WHEN YOU CAN’T SENSE THE PRESENCE OF GOD

desertIt’s Ash Wednesday — a perfect time to begin in earnest to seek God, especially in the desert times.

We’re going to look at a psalm that I know can really help those of you in pain, those of you who are not sensing the presence of God, or those of you who long to be a comfort to others. It’s Psalm 42 and there are four vivid water pictures in it that can soothe and heal. The first is really a picture of no water — it’s a picture of the psalmist who identifies with a thirsty deer who has come all the way down the mountain, absolutely panting for water, but the river bed is dry!

He longs to sense the presence of God like that dying deer longs for water, but WHERE IS GOD???? Isn’t it comforting that God knows we will feel like this at times and gives us this picture? The psalmist says, in effect, “My only water is my tears, day and night.” (verse 3) That’s where some of you are, right now. God sees you, He understands, and He cares.

My prayer is that you will not give up. When I was preparing to write this chapter, “Deep Calls to Deep” I had an experience that was one of those rare moments when I absolutely knew the God who made the universe was speaking to me, and to you, my friends. Here it is, from The God of All Comfort:

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I was at my cabin in Wisconsin, almost three years after Steve’s death. Here, I do not pull my shades at night for I love seeing the sun sink into the waves of Green Bay as I go to sleep. Sometimes I wake just before the dawn—and a very few blessed times I have opened my eyes to see the vague shapes of a doe and her fawn drinking deep draughts from the bay. They come silently, before the world awakens, hoping they are safe.

In the dawn’s dim light, I have tried, unsuccessfully, to photograph them. Even my best photo is simply shadowy shapes, which my dad claimed were just stumps in the water that my fertile imagination desired to be deer.

I have never seen them brave the open water when the sun is up.

Until the day I began researching the word pictures of Psalm 42—beginning with the image of the deer panting for living water. Though I am often suspicious of people who have constant God sightings, I must admit, this was a God sighting.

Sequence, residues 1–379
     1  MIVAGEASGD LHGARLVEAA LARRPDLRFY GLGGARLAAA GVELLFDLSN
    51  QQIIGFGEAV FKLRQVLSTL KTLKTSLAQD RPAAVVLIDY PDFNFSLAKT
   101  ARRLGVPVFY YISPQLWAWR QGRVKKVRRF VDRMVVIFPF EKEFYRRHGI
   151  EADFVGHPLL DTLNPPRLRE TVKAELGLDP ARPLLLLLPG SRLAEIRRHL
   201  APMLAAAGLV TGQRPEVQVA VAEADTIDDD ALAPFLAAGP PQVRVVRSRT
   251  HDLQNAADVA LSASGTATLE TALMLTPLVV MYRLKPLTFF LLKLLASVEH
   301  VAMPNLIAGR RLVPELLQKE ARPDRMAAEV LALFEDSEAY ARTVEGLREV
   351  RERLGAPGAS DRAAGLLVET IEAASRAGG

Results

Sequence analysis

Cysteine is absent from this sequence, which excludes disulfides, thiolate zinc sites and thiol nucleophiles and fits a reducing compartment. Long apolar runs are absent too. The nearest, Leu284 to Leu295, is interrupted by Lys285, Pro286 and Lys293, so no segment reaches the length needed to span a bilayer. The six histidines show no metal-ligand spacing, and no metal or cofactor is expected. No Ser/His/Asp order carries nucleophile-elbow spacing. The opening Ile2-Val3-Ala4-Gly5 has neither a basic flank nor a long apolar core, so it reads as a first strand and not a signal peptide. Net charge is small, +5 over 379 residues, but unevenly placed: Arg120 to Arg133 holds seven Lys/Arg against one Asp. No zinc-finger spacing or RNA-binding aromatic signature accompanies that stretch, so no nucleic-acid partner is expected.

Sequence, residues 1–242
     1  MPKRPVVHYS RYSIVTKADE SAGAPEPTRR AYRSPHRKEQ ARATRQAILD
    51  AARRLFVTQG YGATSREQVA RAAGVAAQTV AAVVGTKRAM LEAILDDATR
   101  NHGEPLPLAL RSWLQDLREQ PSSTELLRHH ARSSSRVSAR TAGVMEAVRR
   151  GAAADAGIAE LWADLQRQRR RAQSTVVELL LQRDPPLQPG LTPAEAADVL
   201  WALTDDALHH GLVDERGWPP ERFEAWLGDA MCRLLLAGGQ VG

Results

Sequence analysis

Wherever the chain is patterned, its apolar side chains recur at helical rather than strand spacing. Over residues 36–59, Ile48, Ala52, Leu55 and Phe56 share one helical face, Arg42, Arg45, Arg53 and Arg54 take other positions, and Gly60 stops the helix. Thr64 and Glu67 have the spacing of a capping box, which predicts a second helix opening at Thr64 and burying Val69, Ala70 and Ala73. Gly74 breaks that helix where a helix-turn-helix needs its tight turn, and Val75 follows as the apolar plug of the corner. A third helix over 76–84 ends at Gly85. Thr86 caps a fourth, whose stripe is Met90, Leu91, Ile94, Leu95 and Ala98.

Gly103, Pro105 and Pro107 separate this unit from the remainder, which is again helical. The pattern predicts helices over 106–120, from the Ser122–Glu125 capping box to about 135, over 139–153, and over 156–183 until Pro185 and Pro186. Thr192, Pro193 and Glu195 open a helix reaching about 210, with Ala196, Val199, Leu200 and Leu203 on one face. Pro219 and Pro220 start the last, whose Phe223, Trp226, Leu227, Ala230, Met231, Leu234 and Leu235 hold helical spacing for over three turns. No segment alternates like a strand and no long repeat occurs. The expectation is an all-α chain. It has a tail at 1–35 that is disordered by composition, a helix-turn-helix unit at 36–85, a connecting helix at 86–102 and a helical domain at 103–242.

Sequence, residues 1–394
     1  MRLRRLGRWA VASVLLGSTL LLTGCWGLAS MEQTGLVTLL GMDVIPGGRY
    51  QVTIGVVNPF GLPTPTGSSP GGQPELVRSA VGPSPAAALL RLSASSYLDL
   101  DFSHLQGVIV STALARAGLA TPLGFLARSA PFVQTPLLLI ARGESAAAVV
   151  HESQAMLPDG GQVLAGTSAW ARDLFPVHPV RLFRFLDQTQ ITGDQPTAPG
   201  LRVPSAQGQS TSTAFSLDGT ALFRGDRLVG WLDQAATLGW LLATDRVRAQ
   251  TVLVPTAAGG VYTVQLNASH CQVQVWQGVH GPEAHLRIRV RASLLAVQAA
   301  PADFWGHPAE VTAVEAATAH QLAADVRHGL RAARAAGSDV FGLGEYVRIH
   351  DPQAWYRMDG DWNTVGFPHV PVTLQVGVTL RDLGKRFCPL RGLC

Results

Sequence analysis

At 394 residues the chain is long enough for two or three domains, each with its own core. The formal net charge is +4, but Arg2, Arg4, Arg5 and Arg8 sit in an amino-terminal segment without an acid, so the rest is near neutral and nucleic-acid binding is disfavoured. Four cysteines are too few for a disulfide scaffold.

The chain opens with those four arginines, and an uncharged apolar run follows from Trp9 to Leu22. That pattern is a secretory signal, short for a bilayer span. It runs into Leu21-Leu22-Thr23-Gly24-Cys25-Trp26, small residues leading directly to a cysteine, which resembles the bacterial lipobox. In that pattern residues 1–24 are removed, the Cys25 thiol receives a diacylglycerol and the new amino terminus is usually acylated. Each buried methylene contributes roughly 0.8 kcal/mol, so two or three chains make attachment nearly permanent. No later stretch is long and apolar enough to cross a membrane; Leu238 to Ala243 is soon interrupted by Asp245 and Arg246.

Sunday, July 22

Two years and nine months after Steve’s death

Thank You, Lord. I am amazed at what You just did for me, for the readers of the book I am planning to write. I want to record it now, lest I forget.

When I saw what a beautiful morning it was, with the lake like rose-colored glass, I decided to have my time with You on the dock. I was immersing myself in Psalm 42. I sang “As the Deer” and “All Who Are Thirsty.” I began reading various translations of verses 1-2 of the psalm, turning the phrases over in my mind, asking You to “quicken” me and help me see, when suddenly, I was startled by a large shape moving on my right, below me, on the beach.

The timing was so uncanny I thought at first I was imagining it. But no. There she was. A graceful doe, and right behind her, her fawn. Gentle steps clicking softly over the rocks, beside the dock, and into the water. Then they stood like statues, except I was so close I could see them breathing.

The doe was alert, her nose quivering. I feared she would smell me, prayed she wouldn’t. All was still, and I was frozen in my deck chair, holding my breath.

I was so aware that this was a gift from You. The overwhelming thought of Your mindfulness of me. Of this book and its readers. I knew there was something You wanted me to see—so I was as alert as the doe. I knew better than to try to get my camera. I stayed motionless, praying I would see, really see—through the living picture to the meaning.

She walked gently, her fawn followed—just barely into the water, ready, if necessary, to bolt. Then—the picture that will forever linger in my memory: she spread her long legs so as to reach the water, her long neck reaching down. Her fawn did the same. They drank and drank. Deep draughts.

A seagull cried and her head came up, ears taut. Then, soft head down again.

I shifted just a bit to see them better. My book, Derek Kidner’s commentary on the psalms, open to Psalm 42, fell from my deck chair. Her head came swiftly up and she bolted, her fawn scrambling after mother over the rocks.

I stood to watch them go—white tails disappearing into the woods. Gone. As if it never happened. Yet it did, and the picture lingers in my memory, this gift from You.

What did I see that I believe God meant for you and for me? I saw a deer so thirsty that she braved the danger of daylight and humans to come. I saw a deer in a position of prostrate piety—the same position that God is pleased to see in us in body, but certainly in heart, as we show how earnest we are to hear from Him.

Suffering is like salt, increasing our thirstiness. In grief, we can recognize that our thirst is for God and press harder into Him, still believing that He is sovereign, caring, and our only hope. Or we can look to quench our thirst through drugs, constant sleep, destructive relationships, or work. We can abuse our bodies through cutting, or overeating or undereating—hoping to make atonement or to gain control of lives out of control. But those “sources of water” are mirages that can neither quench our thirst nor soothe grieving souls.